Find Your Inner Yoshimi: A look at the social determinants of health and stress

by Steffie Duginske – Western Regional Coordinator

Every time I hear the Flaming Lips song, Yoshimi battles part 1, from their album, Yoshimi Battles the Pink Robots, I can’t help but think that it could be the theme song for the NC Preconception Health Campaign when it comes to our multivitamin/folic acid message. Listening will make reading the rest of this article more enjoyable and understandable, but not totally necessary. Check it out here:

Yoshimi battles her “evil robots” by “taking lots of vitamins”. I interpret this as: Yoshimi must have a very good understanding of the importance of taking a daily multivitamin with 400mcg of folic acid, because if she becomes pregnant, it reduces her chance of having a baby with neural tube defects by up to 70%. Ok, so it’s a little far-fetched to think that anyone else other than a health educator who’s known as the “Multivitamin Pusher” for the Western Region of North Carolina would make that connection, but now that you’ve heard it, you may also forever make that connection – and maybe, just maybe, remember to take YOUR daily multivitamin as well as remind others?

Dig into the song and Yoshimi with me a bit more if you will. I can’t help but also think about her health through a social determinants of health lens. According to the Center for Disease Control (CDC), the social determinants of health – the challenging factors that contribute to a person’s health status are:

  • Biology and genetics. Examples: sex and age
  • Individual behavior. Examples: alcohol use, drug use, unprotected sex, and smoking
  • Social environment. Examples: discrimination, income, and gender
  • Physical environment. Examples: where a person lives and crowding conditions
  • Health services. Examples: Access to quality health care and having or not having health insurance

To me, Yoshimi sounds like a strong and empowered women who has someone (the listener or singer maybe) supporting her. She works hard at her job, she handles the stressful evil robots in her life in a positive way that enables her to take care of herself, and she seems to be encouraging others in her life to defeat their evil robots too. Thinking from a practical preconception health point of view: what obstacles are the women you know up against in their lives? Consider their social environment: are their stress levels and/or mental and physical health being affected by their social environment? Could they be experiencing racism, sexism, homophobia, or classism that is so engrained in their daily lives that they have become “used to it”? Now, add an unplanned or even planned pregnancy in the mix with any combination of those stressors. According to March of Dimes, high levels of stress that continue for a long time may cause health problems like high blood pressure and heart disease. When you’re pregnant, this type of stress can increase the chances of having a premature baby (born before 37 weeks of pregnancy) or a low-birthweight baby (weighing less than 5½ pounds). Babies born too soon or too small are at an increased risk for health problems.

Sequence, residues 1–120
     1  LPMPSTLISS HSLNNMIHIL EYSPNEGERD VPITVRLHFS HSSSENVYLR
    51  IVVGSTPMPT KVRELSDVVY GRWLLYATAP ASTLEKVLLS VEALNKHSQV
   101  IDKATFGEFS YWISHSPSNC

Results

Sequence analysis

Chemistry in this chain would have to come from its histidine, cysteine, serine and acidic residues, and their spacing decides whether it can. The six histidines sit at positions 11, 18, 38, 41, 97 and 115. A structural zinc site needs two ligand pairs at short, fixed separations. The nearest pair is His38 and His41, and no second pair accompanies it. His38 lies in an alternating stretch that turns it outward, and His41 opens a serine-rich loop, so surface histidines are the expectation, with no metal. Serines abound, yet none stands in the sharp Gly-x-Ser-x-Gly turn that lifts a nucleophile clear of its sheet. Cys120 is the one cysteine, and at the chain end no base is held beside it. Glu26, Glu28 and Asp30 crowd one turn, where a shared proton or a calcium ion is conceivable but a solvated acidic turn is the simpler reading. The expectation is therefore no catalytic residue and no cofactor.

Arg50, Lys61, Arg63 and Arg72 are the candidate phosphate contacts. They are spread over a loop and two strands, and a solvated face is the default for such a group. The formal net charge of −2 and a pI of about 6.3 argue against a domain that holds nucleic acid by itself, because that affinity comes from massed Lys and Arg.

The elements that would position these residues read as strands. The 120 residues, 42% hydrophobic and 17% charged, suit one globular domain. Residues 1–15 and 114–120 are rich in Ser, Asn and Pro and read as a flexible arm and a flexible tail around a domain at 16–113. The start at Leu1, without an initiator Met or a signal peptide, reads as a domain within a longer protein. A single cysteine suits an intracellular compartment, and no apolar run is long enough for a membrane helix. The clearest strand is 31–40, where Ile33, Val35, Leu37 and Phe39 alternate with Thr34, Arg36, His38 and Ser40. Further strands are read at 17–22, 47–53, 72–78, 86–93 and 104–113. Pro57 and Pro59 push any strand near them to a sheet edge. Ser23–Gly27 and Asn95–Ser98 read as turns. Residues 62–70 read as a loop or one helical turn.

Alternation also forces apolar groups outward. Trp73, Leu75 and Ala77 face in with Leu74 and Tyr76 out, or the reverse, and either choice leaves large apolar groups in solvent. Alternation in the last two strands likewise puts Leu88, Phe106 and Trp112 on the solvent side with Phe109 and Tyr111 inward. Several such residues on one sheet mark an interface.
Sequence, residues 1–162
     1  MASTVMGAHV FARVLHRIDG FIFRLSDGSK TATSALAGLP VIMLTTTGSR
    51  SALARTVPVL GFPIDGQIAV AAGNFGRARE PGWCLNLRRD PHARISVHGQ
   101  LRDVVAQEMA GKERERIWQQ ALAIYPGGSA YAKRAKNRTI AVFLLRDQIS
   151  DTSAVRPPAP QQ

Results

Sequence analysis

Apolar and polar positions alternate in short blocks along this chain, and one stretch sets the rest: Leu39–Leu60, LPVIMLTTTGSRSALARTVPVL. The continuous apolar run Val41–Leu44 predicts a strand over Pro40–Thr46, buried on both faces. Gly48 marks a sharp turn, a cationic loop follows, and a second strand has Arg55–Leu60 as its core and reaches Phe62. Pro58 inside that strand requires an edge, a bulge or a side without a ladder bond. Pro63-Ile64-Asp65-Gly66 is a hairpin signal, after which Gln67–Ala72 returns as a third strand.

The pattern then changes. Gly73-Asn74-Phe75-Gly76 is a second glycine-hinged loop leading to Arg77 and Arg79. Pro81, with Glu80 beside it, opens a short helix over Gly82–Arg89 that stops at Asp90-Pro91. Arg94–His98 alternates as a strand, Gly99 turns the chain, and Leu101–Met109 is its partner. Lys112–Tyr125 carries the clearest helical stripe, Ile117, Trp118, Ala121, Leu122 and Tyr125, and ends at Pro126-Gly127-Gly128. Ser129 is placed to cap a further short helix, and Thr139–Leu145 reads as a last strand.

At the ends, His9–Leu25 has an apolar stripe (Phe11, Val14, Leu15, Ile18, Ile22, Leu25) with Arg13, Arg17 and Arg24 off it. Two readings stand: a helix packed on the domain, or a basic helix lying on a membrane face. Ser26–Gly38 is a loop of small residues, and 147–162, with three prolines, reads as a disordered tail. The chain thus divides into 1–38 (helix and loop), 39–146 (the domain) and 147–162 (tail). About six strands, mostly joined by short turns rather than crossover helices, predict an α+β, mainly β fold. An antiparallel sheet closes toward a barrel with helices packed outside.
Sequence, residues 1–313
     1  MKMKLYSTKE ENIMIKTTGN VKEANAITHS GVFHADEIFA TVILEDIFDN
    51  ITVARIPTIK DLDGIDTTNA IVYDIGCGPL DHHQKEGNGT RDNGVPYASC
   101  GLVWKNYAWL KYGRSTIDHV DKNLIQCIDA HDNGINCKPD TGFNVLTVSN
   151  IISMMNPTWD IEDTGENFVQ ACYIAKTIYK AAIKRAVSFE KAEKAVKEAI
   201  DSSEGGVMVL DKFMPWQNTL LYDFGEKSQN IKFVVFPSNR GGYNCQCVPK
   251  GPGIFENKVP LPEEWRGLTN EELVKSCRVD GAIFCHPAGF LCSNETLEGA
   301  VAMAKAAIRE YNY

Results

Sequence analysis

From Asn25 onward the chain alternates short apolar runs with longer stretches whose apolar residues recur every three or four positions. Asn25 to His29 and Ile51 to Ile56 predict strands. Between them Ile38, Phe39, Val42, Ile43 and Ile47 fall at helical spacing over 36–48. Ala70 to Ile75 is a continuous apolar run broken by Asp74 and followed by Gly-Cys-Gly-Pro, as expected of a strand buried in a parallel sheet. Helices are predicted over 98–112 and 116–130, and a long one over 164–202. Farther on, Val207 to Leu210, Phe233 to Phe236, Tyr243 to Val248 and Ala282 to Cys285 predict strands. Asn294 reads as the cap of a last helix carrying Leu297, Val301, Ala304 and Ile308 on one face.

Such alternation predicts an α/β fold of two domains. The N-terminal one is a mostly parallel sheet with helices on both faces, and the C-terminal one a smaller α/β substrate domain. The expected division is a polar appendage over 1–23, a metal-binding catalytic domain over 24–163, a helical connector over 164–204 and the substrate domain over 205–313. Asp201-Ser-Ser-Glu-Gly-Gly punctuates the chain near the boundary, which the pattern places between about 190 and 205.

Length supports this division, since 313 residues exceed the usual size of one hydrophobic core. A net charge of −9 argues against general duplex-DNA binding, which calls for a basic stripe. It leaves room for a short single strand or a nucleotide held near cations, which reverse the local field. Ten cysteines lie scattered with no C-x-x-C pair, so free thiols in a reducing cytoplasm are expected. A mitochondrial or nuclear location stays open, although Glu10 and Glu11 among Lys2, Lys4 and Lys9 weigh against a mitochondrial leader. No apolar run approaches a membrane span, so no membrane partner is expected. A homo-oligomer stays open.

Let’s further explore the women who are not as resistant to the stressors of life as Yoshimi. Why aren’t they as strong? What’s going on in their lives that keep them from being as resilient? Think about the female clients and patients who come into your office. What are they dealing with as they go through their daily lives? What resources do you need or does your community already have to help your patients/clients battle their evil robots? What steps is your practice taking to ensure all women of childbearing age are screened for the social determinants of health that may be affecting their health BEFORE they become pregnant? Now take this one step further and think about your health. How do you handle stressors in your life? How does it positively or negatively reflect on your patients, family, friends, and community?

A brand new webinar is coming up this month that will educate us about Adverse Childhood Experiences or ACEs. The Campaign will be discussing women’s preconception health and the importance of a Reproductive Life Plan while connecting it to any possible “evil-natured robots” (aka ACEs) a woman might have experienced. ACEs determination can help providers understand that the trauma she may have experienced age zero to 18 may be influencing her health as an adult and could affect the health of her future children. Addressing a woman’s health with a preconception health lens is key to tackling any health behaviors like substance use or even managing a healthy weight head on BEFORE she becomes pregnant.

To sum it up, find your inner Yoshimi while helping others find their strength too.  You may not be able to get rid of all the evil pink robots, but one at a time, you may be able to reduce them to a manageable amount to move through life with happiness, ease, and the resiliency needed to improve overall health. I encourage you to give the album a listen for further inspiration. If the Flaming Lips are not your cup of tea, find your inspiration elsewhere…just make sure find it – your mental health will thank you for it.


Revised: November 10, 2015

This web site is designed for informational use only; it is not designed to give advice, diagnose, cure or treat any medical condition you may have. If you have any questions about your health, please contact your health care provider.